Summer reading list
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Free: The Future of a Radical price
by Chris Anderson (Hyperion, 288 pp., $26.99)
Worried about the future of the written word? Try picking up this thought-provoking work by digital futurist Chris Anderson (“author of “The Long Tail.”) Anderson’s intriguing proposal to embattled publishers: Start giving your product away free.
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In the Valley of the Mist
by Justine Hardy (Free Press, 224 pp., $25)
Journalist Justine Hardy puts a personal face on this troubled but beautiful region with a vivid, true account of a Kashmiri family and the way they have coped with 20 years of strife.
Book of William
Busted: Life Inside the Great Mortgage Meltdown
by Edmund L. Andrews (W.W. Norton, 220 pp., $25.95)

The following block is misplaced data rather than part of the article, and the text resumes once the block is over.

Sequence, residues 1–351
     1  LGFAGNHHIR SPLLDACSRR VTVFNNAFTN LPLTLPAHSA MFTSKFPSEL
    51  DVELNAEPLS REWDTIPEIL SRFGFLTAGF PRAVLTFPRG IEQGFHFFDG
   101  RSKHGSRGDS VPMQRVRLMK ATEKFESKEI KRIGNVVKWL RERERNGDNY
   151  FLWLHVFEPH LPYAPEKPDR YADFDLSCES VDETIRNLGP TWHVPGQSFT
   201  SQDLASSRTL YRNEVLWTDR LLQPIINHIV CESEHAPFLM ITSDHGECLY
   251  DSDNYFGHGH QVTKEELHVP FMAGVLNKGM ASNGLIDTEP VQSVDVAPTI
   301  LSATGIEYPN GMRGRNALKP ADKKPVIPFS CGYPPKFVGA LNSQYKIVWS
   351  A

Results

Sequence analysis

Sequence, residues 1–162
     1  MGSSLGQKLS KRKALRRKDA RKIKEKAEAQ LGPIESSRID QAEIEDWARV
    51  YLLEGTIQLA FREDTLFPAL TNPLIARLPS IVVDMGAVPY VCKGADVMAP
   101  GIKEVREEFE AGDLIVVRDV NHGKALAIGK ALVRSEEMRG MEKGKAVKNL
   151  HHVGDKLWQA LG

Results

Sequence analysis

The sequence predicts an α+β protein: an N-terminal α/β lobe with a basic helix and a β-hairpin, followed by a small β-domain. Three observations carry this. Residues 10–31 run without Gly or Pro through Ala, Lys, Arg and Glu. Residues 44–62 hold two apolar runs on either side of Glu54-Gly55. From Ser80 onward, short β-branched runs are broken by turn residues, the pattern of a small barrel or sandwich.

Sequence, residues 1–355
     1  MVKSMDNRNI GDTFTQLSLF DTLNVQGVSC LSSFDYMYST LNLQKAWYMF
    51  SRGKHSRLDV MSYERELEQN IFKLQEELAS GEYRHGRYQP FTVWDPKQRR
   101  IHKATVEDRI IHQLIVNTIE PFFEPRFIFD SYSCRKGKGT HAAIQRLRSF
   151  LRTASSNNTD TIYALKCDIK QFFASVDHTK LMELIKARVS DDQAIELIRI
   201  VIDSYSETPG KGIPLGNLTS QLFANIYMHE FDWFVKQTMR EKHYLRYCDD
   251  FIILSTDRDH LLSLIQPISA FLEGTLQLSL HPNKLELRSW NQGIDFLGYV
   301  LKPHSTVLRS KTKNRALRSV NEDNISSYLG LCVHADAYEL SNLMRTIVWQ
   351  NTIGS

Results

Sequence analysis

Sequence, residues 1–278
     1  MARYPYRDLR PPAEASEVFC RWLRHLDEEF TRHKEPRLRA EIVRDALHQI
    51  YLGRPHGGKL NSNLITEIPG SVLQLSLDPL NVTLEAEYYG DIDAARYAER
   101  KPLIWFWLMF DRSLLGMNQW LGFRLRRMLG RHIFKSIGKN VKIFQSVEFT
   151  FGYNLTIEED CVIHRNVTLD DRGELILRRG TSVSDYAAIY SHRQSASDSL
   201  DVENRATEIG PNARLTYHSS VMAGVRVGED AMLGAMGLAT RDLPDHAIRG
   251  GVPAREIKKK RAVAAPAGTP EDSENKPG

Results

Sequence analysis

He was supposed to be an expert, yet economics reporter Edmund L. Andrews almost ruined himself with a subprime mortgage. Here he explains why he and others were so easily deceived.
It’s summer – bring on the THRILLERS. The good news: This year’s offerings look both intelligent and gripping.
by Olen Steinhauer (Minotaur, 416 pp., $24.95)
Charles Alexander has traded his unhappy life as a “tourist” (a CIA field agent with neither home nor name) for a desk job and a loving family. Then his past resurfaces and he’s forced to run for his life – and it’s not clear that he’ll ever be able to return. The book’s rave reviews have earned Steinhauer the ultimate compliment of favorable comparisons to John le Carré.
Wife of the Gods
by Kwei Quartey (Random House, 336 pp., $24)
Meet Darko Dawson, detective inspector at work in Ghana’s capital city of Accra. Darko may not have the sweetness of Precious Ramotswe, star of the “No. 1 Ladies’ Detective Agency” books, but like the popular Alexander McCall Smith series, this novel offers Western readers a window onto a fascinating and less familiar corner of the world. Here, Darko must travel to a remote village to investigate the mysterious death of a medical worker.